Chapter 4: Inventing Disability demonstrates the conversion of ‘war-cripples’ to ‘disabled’ in the public eye by social reformers through a campaign of education. Key are the writings of Konrad Biesalski, who authored a pamphlet arguing that the true stumbling block for soldiers’ reintegration was not their injuries, but public prejudices (p. 119). In fact, the argument went, there was no longer such a thing as ‘crippledness’ but a poisonous ‘pension psychosis’ among the working classes, falsely believing that amputees were entitled to permanent financial aid from the state (p. 125). War wounded instead had a patriotic duty to rehabilitate, restore their families by resuming their old jobs and roles, and so strengthen local communities. Families in turn were to divest themselves of the old falsehoods of ‘crippledness’ as ‘coddling’ a war amputee served only to set back his rehabilitation and impede the awakening of his ‘Will to Work’ (p. 127). On the other hand, ‘Disability’ described a rehabilitated former soldier proceeding with civilian life as he had before entering the army, with the same duties as any member of a society fighting a total war. Since the disabled now had equal ability to perform war work there was no need for pensions or welfare payments. Huge quantities of literature were produced and exhibitions were held to support this campaign, but a sense of who attended and what their impressions were is sadly absent.
Chapter 5, Recycling the Disabled: The Mobilisation of Wounded in Wartime Germany illustrates the depths of war industry’s interest in the disabled, particularly after 1916. Siemens for instance, found that certain categories of disabled veterans were as if not more efficient at certain tasks than present workers, particularly in the case of the war blinded and munitions production (p. 170). Amputees’ prosthetics were fitted out to more easily operate certain machines, yielding increased efficiency, higher piece-wages for disabled workers, and providing an excuse to reduce the number of women in the workplace (p. 175). In order to derive maximum efficiency, the War Office [Kriegsamt], given supreme power over resource coordination in 1916, submitted the disabled to on-site examination so as to determine their potential labour output. The process of physical inspection used on the disabled in 1917 was transferred to all wounded by July 1918. Once again the purpose of care for the disabled was determined by the interests of third parties, in this case the army and state. The military’s system for rehabilitating, remobilizing and redeploying the disabled soldier according to wartime needs defined ‘recycling the disabled’ (p. 179).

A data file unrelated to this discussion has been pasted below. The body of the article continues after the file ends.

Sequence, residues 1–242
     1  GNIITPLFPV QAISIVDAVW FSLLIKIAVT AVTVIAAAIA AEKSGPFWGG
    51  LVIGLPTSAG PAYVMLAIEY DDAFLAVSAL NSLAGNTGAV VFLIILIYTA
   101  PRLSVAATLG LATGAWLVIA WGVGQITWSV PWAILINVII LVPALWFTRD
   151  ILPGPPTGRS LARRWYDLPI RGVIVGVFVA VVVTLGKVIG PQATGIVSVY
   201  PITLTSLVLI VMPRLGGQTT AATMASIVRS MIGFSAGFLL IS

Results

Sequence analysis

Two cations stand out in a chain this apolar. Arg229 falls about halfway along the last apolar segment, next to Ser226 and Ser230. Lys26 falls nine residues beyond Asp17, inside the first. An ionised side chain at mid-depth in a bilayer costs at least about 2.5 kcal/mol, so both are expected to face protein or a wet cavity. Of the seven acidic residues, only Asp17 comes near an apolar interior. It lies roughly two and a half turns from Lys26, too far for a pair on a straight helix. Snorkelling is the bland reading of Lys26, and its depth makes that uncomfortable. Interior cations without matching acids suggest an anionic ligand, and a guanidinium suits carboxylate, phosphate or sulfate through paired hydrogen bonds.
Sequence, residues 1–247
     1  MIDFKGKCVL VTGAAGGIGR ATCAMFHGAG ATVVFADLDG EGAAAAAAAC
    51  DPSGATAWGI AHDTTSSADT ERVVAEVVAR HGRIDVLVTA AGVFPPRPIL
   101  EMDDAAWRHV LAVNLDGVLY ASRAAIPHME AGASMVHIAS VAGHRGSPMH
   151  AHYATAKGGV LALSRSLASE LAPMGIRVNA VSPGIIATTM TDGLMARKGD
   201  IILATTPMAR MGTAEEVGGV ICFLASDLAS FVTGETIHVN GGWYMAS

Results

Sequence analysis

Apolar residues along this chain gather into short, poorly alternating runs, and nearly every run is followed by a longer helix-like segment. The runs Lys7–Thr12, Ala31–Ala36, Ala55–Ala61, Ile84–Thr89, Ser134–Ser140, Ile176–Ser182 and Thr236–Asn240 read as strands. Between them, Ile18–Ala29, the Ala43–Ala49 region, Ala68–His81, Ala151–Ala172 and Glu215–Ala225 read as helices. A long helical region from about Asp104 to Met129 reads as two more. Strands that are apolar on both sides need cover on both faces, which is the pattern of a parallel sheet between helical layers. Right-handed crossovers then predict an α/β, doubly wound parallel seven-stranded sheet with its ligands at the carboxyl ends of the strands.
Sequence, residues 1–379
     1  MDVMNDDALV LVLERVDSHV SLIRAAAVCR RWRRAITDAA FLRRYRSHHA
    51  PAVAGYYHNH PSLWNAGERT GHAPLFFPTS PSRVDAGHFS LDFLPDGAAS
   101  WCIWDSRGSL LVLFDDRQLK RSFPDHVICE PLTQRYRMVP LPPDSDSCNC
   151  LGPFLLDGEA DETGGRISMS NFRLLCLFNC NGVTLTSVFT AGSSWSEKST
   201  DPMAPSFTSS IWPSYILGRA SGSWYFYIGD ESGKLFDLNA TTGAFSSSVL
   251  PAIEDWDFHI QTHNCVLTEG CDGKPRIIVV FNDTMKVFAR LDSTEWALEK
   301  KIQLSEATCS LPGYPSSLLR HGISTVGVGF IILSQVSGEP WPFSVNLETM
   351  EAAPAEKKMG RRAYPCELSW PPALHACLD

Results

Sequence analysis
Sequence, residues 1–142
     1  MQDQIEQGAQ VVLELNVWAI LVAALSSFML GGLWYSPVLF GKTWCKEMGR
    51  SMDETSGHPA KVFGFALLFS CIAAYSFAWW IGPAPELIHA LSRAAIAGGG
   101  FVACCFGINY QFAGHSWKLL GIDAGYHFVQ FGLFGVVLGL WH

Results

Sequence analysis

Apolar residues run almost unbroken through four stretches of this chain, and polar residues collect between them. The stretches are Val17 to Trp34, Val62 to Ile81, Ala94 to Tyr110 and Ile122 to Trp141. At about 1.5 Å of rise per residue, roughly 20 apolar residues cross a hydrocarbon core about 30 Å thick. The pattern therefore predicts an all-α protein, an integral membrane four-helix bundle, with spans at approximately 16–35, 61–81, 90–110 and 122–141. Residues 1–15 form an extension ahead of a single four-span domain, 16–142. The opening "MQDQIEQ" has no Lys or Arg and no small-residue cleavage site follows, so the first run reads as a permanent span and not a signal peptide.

Each chapter makes extensive use of end notes, many of which are discursive and carry useful information. The issue of soldiers’ resistance to restrictive, status-quo affirming rehabilitation is dealt with in note 13, p. 153. Here the author states that no evidence of soldiers’ resistance was encountered apart from personal complaints from the Weimar period relating to welfare payments.
As a force in the ordering of the war economy, their belief in their own ability to shape public perception and ‚re-cycle’ war wounded through reintegration with society, Perry’s orthopaedists seem to occupy similar ground to Paul Lerner’s psychiatrists.1 The author deserves great credit for shedding new light on a neglected and fascinating aspect of German society amidst Total War, even though at points the insights stretch the evidence presented.
1 Paul Lerner, Hysterical Men. Psychiatry and the Politics of Trauma in Germany, Ithaca 2003, p. 250.